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Topical Flea Control Products


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There are at least 21 topical or "spot on" type products to control fleas on your dog or cat.  Although they are applied in the same manner, they are not all the same chemical.  The bottom line is to read the active ingredient on the label (not just the trade name).  This tells the real story of what you are applying.

Of these 21 plus products, at least 15 are "permethrins" as the active ingredient.  Permethrins, tetramethrins, allemethins and other "methrins" are in the same class of synthetic pyrethrins and are used to control insects on animals, house or gardens, and in agriculture.  If you read the active ingredient label on wasp & hornet killer, flying insect killer, ant & roach killer, house foggers and fumigators, yard sprays, and commercial insect killers, you will see you may be applying the same chemical to your pet.  (Although at different concentrations depending on the product.)

Flea control products are a primary source of exposure that leads to poisoning in small animals.  The difference and problem with permethrin products, for instance, is that after application, these are absorbed into the animal's bloodstream.  On insects, these chemicals stimulate the central nervous system resulting in convulsions, muscle tremors, paralysis, and death.  In small animals, at the toxic dose, you may see some of the following: depression, vomiting, diarrhea, loss of appetite, incoordination, respiratory distress, convulsions, muscle tremors, or even death.  There is no antidote for permethrin toxicity, and this class of chemicals is listed in the top 25 agents causing poisoning in animals by the National Animal Poison Control Center.  In a recent article in the Journal of The American Veterinary Medical Association July 1999, was a report of toxicosis in cats treated with permethrin products.  Thousands of reports of poisonings reported to the Environmental Protection Agency were analyzed.  Besides improper application it was noteworthy that some cats became toxic from rubbing up against, or grooming, a dog that had a permethrin applied to it.  (Granting cats are much more sensitive than dogs due to lower rate of liver processing of the chemical.)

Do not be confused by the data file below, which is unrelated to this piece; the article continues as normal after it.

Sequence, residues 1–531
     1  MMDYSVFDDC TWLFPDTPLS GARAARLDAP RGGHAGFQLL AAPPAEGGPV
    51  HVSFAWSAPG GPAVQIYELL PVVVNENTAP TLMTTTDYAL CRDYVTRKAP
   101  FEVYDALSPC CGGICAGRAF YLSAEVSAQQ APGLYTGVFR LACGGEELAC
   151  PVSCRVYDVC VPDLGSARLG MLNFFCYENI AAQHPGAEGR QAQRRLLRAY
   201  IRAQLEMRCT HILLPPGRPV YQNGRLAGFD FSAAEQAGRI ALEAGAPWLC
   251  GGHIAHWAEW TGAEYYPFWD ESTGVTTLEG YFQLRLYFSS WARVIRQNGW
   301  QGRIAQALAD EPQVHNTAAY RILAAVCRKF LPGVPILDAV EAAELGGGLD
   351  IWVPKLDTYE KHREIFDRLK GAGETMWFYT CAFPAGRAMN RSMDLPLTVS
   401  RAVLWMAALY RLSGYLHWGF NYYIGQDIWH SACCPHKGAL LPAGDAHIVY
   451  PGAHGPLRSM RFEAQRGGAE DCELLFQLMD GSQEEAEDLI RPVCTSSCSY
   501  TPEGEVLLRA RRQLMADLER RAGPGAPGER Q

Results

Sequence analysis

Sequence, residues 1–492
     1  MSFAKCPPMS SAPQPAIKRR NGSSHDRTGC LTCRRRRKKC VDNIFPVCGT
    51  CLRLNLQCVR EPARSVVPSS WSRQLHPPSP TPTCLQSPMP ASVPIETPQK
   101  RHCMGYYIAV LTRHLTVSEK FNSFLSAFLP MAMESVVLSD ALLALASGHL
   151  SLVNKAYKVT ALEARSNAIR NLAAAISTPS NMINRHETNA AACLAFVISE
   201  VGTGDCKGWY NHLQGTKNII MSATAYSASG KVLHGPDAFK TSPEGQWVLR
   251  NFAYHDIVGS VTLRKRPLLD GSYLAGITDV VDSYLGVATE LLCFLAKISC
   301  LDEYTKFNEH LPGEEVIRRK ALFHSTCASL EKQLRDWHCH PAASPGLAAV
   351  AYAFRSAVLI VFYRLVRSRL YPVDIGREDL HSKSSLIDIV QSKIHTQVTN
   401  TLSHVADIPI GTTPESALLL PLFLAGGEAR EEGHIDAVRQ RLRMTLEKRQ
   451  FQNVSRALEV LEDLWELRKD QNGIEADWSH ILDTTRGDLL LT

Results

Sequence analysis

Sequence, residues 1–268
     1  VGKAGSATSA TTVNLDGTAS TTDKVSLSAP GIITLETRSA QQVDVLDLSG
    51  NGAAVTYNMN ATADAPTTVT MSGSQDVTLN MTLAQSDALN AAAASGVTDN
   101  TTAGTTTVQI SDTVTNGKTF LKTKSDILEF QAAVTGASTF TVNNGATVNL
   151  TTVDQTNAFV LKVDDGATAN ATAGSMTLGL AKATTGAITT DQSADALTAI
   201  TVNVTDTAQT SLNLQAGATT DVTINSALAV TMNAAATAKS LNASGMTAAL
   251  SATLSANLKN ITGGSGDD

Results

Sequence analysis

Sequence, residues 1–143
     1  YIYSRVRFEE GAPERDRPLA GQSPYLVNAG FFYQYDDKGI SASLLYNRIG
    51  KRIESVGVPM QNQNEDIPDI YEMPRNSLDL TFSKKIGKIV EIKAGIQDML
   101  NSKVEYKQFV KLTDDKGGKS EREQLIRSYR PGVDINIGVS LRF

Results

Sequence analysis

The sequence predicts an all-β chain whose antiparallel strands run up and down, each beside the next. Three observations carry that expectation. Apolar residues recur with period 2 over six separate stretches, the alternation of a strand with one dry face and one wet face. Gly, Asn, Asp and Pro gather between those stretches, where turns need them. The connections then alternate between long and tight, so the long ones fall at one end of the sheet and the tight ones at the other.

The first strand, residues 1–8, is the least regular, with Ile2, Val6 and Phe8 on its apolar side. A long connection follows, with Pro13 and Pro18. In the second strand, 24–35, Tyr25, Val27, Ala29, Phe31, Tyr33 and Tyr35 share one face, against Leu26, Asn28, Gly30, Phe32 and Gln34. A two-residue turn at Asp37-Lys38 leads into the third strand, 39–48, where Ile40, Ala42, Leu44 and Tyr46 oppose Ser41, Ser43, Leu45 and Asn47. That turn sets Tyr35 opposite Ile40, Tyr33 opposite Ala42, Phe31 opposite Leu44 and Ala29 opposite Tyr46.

There are 2 flea products that are not absorbed into your pet's bloodstream, and are considered by authorities to be more effective and safer alternatives.  These products are only supplied to veterinarians but are often illegally diverted and found elsewhere due to their desirability.  These products work so well they have eliminated the need to treat the house and yard for fleas, saving time and money on additional products.  They are safe on puppies and kittens (read label directions).  Since fleas obtain the chemical by contact (not from biting) plus the quick elimination of fleas may help resolve flea allergy dermatitis.

  • Advantage (active ingredient: imidacloprid) has exhibited that a single dose will kill 98% to 100% of fleas (and flea larvae) on dogs within one day and prevent further infestation for at least 4 weeks.  Additionally, Advantage has proved to kill flea larvae in the environment at greater than 2 months post application to pet, due to normal hair shedding and debris falling off into the environment.

  • Frontline (active ingredient: ftpronil) kills fleas for up to 3 months, ticks and earmites for 1 month and is touted as being waterproof due to its localization in the sebacious glands in the skin.  This product requires "normal body oils" so no bathing can be given for 3 days prior and 3 days after application.  It also may not work as well on animals with very dry skin.

Revolution (active ingredient: selamectin) is a topical parasiticide for dogs and cats that protects against heartworm (in both species), treats and protects against fleas, sarcoptic mange, earmites, intestinal parasites, and ticks (with possibly more applications to come with FDA approval).  Although this product does absorb into the bloodstream, it is extremely safe even for puppies and kittens at 6 weeks old, as well as pregnant and nursing pets.  This product is a heartworm preventative, not a treatment (animals should be tested prior to use).

Check with your veterinarian for more information on any of these products.  Remember to read the "active ingredient" part of the label and label directions, your pet is worth it and is counting on you to treat them safely.

The above is a reprint of an article written by Jack Landess, D.V.M., as a public service.  Reprint permission was obtained from the Florida Pet Pages.

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